By Raffique Shah
February 14, 2022
My final focus on food production for now, on cutting back on imports which stand at approximately US$1 billion per year, adds nothing new, nothing that I, and others more qualified than I, have not said before.
In fact, there is hardly anything I can add to this component of the economy since the challenges remain the same they were decades ago, and governments’ responses, likewise, are like a stuck wax record in a digital player—jarring, unintelligible noises that are offensive to the trained ear.
I have been writing weekly columns for 40 of my close-to-76 years, and the importance of food security we could realistically achieve always intrigued me. I had organised farmers in the principal food baskets from as far back as in 1974. I can justifiably claim to have been involved in agriculture from as early as age five, when I started helping my father cultivate a small acreage of cane that we sold to the sugar manufacturers, and vegetables that we ate and shared with friends and relatives.
Ever since I became conscious of how important food security was to nations, I read and listened to everything experts in the disciplines that comprise food production and consumption have written or said. Although I emerged as being knowledgeable on the topic, it is my younger brother, Farouk, who is a highly qualified and respected agriculturist, and his son, Fayaz, a UWI graduate in the field, another expert.
I declare my pedigree in this very important sector of the economy not to be boastful, but to indicate to readers that when I write on the topic, my arguments and postulations invariably have merit. At this point in my life, I do not have much patience suffering fools who make the most outrageous pronouncements on related issues they know little or nothing of (“we must revive the sugar industry”; “we can produce all that we eat”, and such idiocies). Worse, I cringe when I see governments and supposedly intelligent people treat with the lunatics, according them legitimacy they do not deserve.
For the umpteenth time I say that we have the critical resources (land, water, energy and fertilisers) required to produce some of the foods we need for sustenance, but nowhere close to what we consume. And, as I noted in my recent articles, like much of the wider world where palates have been conditioned to crave products that we either cannot cultivate or do it competitively, we are for all purposes a consumer society, not a producer.
To reverse this harsh reality, we have to change people’s tastes, which may never happen, so addicted are we to wheat flour and derivatives such as pasta. We devour approximately 100,000 tonnes of wheat products a year. It is our biggest import. Rice (20,000 tonnes) and maize are the two other principal grains that we must have, the former as a main meal, the latter either for direct consumption or as livestock feed.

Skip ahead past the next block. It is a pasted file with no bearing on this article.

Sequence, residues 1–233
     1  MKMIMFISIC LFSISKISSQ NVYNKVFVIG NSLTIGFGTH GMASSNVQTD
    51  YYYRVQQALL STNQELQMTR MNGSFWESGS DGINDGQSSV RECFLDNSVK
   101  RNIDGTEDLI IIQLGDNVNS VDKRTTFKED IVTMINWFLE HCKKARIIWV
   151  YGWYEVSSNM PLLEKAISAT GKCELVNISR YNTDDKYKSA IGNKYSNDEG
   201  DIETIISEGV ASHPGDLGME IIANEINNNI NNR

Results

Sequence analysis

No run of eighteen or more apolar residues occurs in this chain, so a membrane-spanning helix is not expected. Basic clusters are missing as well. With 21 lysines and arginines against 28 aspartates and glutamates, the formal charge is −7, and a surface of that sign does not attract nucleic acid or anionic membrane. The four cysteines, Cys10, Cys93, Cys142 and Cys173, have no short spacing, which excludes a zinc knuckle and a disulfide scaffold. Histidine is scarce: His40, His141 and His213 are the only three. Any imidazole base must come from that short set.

In the current Covid-driven crisis that has seen food prices drive inflation across the world, we make time to consider converting idle lands, mostly State-owned, into a massive drive to grow, say, cassava, which is by far the easiest carbohydrate/root crop we produce efficiently, or dasheen. Cassava, dasheen and sweet potatoes are, or can be, high-yielding crops that are better sources of complex carbohydrates than wheat. Plant material come from harvested fields, and with dasheen, the entire plant, leaves et al, is edible.
So we can, with help from the Gods at the office of the Commissioner of State Lands, bring large tracts of idle land into production of significant tonnes of these crops, thereby earning or saving maybe TT$50 million to $100 million in the first year. Before we plunge into it like crazy ants, consider how we get consumers to change their craving for deadly potato chips (“fries”), which are converted into sugar before you digest them—a huge diabetes agent.
We can also easily grow almost all the vegetables we consume. If they are motivated, our farmers can also produce all the fruits we can eat, as well as some for export. To cut down on the cost of imports, we must first cut wastage: Americans waste 25 per cent of food they purchase. I am sure we are right up there with them.
Another simple mechanism to saving foreign exchange on food and pharmaceuticals is for inactive adults to eat two meals per day. There are too many overweight people in the country. Use of herbal remedies for treating simple afflictions, and some complex conditions, too, can save us significant foreign exchange.
We can use the opportunities presented by Covid to change our consumption patterns, live healthier, spend less even with inflation, by excising unnecessary “wants” and sticking closely to our “needs”.